While the U.S. Air Force requested no funding for General Atomics MQ-9 Reaper drones in fiscal 2022, the House Appropriations Committee’s defense panel’s (HAC-D) version of the FY 2022 Defense Appropriations Bill adds six Reapers for the service.
Overall, the bill would invest $351 million for 12 MQ-9s, including six requested by the U.S. Marine Corps for Medium Altitude Long Endurance-Tactical (MALE-T) close air support and communications. MALE-T is to provide “direct support to the Marine Littoral Regiment in peer-to-peer conflict,” including the provision of “stand-off sensing and Command, Control, Communication, and Computers capabilities,” per the Navy fiscal 2022 budget request.
The Marine Corps’ MALE-T stems from the 2006 “Guardian Angel” force protection policy instituted by then-Marine Lt. Gen. Jim Mattis for the First Marine Expeditionary Force (I MEF) in Iraq.
That same year, the Quadrennial Defense Review resulted in a requirement for a Special Operations Forces (SOF) “unmanned aerial vehicle squadron to provide organic capabilities”–a requirement that led to a MALE-T modification program under U.S. Special Operations Command and Air Force Materiel Command to support Air Force Combat Air Patrols by General Atomics’ MQ-1 Predators and MQ-9s to support SOF missions.
Under Mattis’ Guardian Angel policy, concealed Marines in I MEF with communications equipment would alert their fellows of imminent attacks by enemies so that Marines could rapidly destroy them.
HAC-D’s proposed add of six MQ-9 Reapers in fiscal 2022 for the Air Force follows remarks by Rep. Ken Calvert (R-Calif.), the ranking member of HAC-D, who told Pentagon leaders on May 27 that “almost every combatant command has told this subcommittee that they need more, not less, MQ-9 access” (Defense Daily, May 27).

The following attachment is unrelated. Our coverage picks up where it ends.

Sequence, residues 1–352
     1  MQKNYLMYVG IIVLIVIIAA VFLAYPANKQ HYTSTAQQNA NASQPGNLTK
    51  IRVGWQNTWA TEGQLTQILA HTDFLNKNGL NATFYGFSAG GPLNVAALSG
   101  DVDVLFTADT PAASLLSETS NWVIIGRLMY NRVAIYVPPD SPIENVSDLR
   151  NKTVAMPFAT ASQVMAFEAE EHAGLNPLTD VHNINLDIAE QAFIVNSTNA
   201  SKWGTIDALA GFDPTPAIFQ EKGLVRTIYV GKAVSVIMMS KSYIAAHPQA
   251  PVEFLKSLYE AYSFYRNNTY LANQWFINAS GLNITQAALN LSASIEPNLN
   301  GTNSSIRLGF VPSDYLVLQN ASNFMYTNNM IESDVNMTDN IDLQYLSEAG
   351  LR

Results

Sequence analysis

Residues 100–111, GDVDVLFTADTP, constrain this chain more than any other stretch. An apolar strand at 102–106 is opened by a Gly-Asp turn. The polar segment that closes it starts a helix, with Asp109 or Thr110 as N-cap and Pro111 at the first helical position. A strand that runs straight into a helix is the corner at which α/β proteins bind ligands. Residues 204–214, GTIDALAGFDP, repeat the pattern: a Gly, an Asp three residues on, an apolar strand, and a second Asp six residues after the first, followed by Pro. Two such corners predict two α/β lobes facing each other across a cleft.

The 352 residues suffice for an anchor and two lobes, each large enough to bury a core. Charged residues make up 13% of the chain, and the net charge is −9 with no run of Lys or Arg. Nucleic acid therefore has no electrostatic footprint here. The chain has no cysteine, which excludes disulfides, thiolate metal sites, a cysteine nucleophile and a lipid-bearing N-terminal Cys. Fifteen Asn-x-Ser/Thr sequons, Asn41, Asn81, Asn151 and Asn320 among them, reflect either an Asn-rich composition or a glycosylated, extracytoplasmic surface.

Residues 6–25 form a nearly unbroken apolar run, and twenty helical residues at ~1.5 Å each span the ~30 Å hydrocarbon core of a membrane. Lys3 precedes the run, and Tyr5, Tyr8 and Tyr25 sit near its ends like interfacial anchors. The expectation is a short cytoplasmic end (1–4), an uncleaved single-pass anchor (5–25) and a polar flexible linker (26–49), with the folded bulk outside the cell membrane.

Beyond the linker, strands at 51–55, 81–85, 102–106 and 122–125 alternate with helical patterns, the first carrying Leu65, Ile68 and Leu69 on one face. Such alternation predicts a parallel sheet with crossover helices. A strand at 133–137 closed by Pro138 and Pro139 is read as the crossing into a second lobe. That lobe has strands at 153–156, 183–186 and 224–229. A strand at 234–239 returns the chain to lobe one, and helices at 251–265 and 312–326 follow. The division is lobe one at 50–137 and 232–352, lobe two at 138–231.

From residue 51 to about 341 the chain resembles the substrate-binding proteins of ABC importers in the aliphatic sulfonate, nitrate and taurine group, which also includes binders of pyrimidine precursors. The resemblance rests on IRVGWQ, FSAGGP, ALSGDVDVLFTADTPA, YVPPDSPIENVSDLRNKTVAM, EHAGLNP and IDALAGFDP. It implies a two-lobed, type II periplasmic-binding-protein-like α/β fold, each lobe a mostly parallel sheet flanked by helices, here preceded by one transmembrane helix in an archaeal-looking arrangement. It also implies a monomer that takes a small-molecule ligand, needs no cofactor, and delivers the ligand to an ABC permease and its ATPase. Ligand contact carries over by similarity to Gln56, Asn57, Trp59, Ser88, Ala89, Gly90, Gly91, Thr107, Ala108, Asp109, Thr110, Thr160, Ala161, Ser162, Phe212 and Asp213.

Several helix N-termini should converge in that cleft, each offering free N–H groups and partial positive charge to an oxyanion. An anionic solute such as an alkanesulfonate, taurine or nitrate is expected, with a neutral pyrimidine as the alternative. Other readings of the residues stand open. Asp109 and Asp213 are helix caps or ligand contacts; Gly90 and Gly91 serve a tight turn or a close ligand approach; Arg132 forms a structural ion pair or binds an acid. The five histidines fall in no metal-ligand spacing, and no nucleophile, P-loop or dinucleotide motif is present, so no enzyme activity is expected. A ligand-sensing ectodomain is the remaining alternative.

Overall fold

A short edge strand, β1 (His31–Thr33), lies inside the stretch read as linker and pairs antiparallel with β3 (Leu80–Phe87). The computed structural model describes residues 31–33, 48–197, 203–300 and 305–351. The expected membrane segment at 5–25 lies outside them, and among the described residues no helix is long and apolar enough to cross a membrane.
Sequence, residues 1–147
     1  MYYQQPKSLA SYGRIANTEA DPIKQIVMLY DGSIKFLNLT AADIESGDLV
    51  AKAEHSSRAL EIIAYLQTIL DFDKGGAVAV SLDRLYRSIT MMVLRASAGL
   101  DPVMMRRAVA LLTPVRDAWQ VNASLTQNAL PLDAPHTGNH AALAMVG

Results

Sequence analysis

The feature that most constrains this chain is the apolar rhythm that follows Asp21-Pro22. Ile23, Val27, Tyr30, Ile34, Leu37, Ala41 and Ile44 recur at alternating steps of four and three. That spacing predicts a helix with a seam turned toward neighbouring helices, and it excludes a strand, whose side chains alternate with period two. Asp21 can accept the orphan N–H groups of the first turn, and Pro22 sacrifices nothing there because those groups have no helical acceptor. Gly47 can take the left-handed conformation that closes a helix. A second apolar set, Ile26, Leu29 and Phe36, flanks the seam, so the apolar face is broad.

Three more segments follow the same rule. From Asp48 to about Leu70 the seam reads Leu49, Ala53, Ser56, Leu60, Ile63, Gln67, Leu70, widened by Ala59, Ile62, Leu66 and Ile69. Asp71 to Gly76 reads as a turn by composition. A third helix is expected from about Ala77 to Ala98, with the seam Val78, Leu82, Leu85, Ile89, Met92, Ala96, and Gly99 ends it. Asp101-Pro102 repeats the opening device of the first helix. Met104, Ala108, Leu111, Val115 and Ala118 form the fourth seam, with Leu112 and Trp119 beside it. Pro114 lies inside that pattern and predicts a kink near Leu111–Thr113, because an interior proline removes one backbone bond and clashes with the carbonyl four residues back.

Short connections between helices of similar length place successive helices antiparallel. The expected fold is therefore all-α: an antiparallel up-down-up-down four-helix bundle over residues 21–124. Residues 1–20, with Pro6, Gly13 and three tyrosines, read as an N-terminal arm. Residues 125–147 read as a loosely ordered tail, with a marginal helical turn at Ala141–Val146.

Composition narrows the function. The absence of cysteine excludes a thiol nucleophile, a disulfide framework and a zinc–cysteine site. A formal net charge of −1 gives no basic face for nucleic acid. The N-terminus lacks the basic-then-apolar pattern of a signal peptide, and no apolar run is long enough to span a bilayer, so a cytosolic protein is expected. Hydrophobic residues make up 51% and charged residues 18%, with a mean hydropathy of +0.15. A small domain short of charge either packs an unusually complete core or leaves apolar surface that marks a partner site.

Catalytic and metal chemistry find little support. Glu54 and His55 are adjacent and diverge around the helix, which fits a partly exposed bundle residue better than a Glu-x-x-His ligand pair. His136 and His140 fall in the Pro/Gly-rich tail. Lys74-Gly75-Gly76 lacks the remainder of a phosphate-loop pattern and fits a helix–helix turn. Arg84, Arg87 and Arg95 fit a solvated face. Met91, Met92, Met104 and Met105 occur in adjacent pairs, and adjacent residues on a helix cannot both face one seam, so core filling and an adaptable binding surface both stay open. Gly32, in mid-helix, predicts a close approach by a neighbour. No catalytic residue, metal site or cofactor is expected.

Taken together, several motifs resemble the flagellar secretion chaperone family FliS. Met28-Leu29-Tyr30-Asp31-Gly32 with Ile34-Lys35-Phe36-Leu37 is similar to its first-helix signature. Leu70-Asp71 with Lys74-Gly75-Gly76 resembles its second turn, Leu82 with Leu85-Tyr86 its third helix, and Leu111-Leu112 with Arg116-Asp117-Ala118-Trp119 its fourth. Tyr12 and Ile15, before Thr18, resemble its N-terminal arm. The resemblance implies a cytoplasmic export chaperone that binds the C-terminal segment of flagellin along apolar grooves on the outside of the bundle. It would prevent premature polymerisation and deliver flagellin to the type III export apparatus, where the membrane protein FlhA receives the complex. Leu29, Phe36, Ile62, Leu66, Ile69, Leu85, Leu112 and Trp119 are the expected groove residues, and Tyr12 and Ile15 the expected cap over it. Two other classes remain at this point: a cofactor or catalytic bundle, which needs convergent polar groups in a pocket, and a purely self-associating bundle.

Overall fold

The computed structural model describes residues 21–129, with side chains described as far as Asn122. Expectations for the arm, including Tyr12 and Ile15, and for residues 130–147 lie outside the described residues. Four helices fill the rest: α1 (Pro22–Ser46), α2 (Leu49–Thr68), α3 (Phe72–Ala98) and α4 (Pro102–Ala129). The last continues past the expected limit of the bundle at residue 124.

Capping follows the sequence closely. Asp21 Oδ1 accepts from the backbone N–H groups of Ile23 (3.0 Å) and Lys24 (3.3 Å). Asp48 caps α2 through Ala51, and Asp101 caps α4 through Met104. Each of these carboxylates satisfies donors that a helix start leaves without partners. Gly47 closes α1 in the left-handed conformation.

The Air Force’s fiscal 2022 budget, while not requesting any MQ-9s, revealed that the inventory of MQ-9s would increase from 330 in fiscal 2021 to 351 in fiscal 2022. The Air Force has said that the increase of 330 MQ-9s in fiscal 2021 to 351 in fiscal 2021 represents prior years’ MQ-9 buys coming into the Air Force inventory.
Air Force Chief of Staff Gen. Charles Q. Brown has suggested that the MQ-9 and other non-stealthy drones, such as the Northrop Grumman [NOC] RQ-4 Global Hawk, will be of limited value in a conflict with China or Russia, and the service appears to be looking for follow-on, stealthy systems, such as the Lockheed Martin [LMT] RQ-170 or the Northrop Grumman RQ-180. Brown recently told lawmakers that he wants to ensure a smooth transition between the Block 40 Global Hawks, set to retire in 2025, and an unspecified classified follow-on system.
The Air Force has had four Block 20 RQ-4s, 20 Block 30s, and 10 Block 40s. The Air Force received congressional approval in fiscal 2021 to retire the Block 20s and is asking Congress to permit the service to divest the Block 30s in fiscal 2022, as part of the Air Force effort to retire 201 legacy aircraft to help fund a service requested $2.2 billion increase in research and development.
The Air Force has embarked on an effort to upgrade the MQ-9 with Multi-Domain Operation capabilities to counter China and Russia and remain relevant until the MQ-9’s expected retirement in 2035 (Defense Daily, Apr. 21). The upgrades are to include resistance to jamming and other interference with aircraft command and control; increased electronic power; an open architecture for the rapid insertion of new technology; upgrades to the MQ-9 electro-optical/infrared sensor; and the ability to carry new weapons.